9. If you could meet one celebrity, who would you choose?

Maybe Tom Hiddleston. Runners up would be Maggie Smith, Lily James, Georgie Henley, or Dick Van Dyke.

10. Favorite Disney princess? (Or Disney character if you don't prefer princesses.) 

Belle! That one's easy. :)

11. Favorite quote? 

I don't have a favorite, but I've always liked--

"I'm on Aslan's side even if there isn't any Aslan to lead it. I'm going to live as like a Narnian as I can even if there isn't any Narnia." --C. S. Lewis, from The Silver Chair

That was fun!

My questions:

1. How many books do you hope to read this summer?
2. What is the last book you were reading?
3. Favorite dog breed?
4. Favorite time period to study?
5. What is a phrase you say a lot?
6. Do you like road trips?
7. What would you like to study in college? (Assuming you're still in highschool)
8. What is the oldest book you've read?
9. What is the saddest song you've heard?
10. Do you listen to music while doing chores, and if so, what music?
11. What is your favorite Disney song?

I tag anyone who watched BBC in the last week. (Or anyone who wants to take it.)

Monday, April 4, 2016

God's Not Dead 2

There are two groups of movies I distrust: Christian, and sequels.

I don't know if I've ever said this here, but, in general, while there are exceptions(i.e. Do You Believe?, God's Not Dead) I find Christian movies to often be cheesy, shallow, or too emotionally-based.

And, minus some exceptions(i. e. Toy Story 2, The Empire Strikes Back), we can probably all agree that sequels rarely live up to the greatness of their predecessors. Recycling an old cast and plot lines just doesn't usually work.

So you can picture my skepticism when I heard about God's Not Dead 2.

To a degree, yes, the sequel has failed to reach the scope of the first, and yet it surpassed my expectations, regardless.

For one thing it continued in the habits of God's Not Dead, to strike a balance between appealing to non-Christians and Christians alike. I'm pretty sure it wasn't mainly intended as an evangelistic outreach(I mean, how many atheists would attend a movie called God's Not Dead?), but a source of encouragement, strengthening of faith, and wholesome entertainment to already-Christians.

(If an atheist or agnostic does find himself in the theater, there is content God could use to work in his heart, but it's mostly oriented towards Christians.)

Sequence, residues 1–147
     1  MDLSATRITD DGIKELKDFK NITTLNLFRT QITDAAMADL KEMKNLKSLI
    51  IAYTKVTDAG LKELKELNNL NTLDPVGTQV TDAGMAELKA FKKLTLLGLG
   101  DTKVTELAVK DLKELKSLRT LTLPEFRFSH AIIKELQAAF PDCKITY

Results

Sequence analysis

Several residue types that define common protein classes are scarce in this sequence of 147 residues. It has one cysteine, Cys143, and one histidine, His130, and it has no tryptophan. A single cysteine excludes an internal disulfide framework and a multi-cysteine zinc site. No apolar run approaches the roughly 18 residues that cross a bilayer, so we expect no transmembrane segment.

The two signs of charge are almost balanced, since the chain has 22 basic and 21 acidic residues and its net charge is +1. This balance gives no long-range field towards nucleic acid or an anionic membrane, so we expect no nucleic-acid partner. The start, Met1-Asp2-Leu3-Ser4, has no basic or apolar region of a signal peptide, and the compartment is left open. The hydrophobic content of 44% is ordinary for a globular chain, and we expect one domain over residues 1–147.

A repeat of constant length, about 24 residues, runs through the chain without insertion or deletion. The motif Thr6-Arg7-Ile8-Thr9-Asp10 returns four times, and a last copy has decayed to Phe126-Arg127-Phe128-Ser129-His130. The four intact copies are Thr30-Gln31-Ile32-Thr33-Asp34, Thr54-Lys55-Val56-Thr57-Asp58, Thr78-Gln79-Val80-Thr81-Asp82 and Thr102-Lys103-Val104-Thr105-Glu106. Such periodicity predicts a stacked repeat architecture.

It does make me wonder, if Grace had lost the case, what then? The culmination and resolution of the movie almost assumed that she could only feel God's presence when she was happy or prosperous, which isn't very consistent with Biblical teaching or current American trends and the ongoing worldwide Christian persecution.

So while the message may have been confusing, God's Not Dead has provided another entertaining, challenging, and refreshing flick I would recommend to my Christian friends.

Rating: 4 stars

Friday, April 1, 2016

An Old Fashioned Girl Book Review

Another book review! It feels like that's ALL I've been writing lately, but when school ends all that will change...let's hope.
This has to be one of the prettiest book covers ever. :)

I really, really liked An Old Fashioned Girl. In fact, it's now my third favorite Alcott novel( the others are Little Women and Little Men).

It's a simple story, really, describing the episodes and interactions between its heroine Polly and the Shaw family with whom she goes to stay. Most of the plot-lines originate from the fact that she's a simple pastor's-daughter, country girl, and they are extravagant, wealthy city people.

I relate to Polly on many levels that I don't with other fictional heroines, although(sadly) I have nothing near he capacity for natural goodness! The parents are rather underdeveloped for the first half of the story, but by the end, Mr. Shaw was an likable person, while Mrs. Shaw would be right up there with Mrs. Bennet on my list of fictional moms I'm thankful aren't mine. :)

Their oldest, Fanny, is everything I dislike in my characters: condescending, flirtatious, frivolous, selfish, and maintaining a pretty poor relationship with her parents. She smooths out considerably before the story ends, though, due to Polly's influence. I think every reader can find a balance between the model Polly and realistic Fanny, only hoping to be more like the former than the later.

Following in her sister's habits, the younger siblings each grow and mature beautifully over the story.

Like I said, it's a very good book, some not-so-subtle morals sneak in occasionally, and there's romance for readers who enjoy that. If you've read it, what do you think?

Recommended for Fans Of: Little Women, Lousia May Alcott
Rating: 4 stars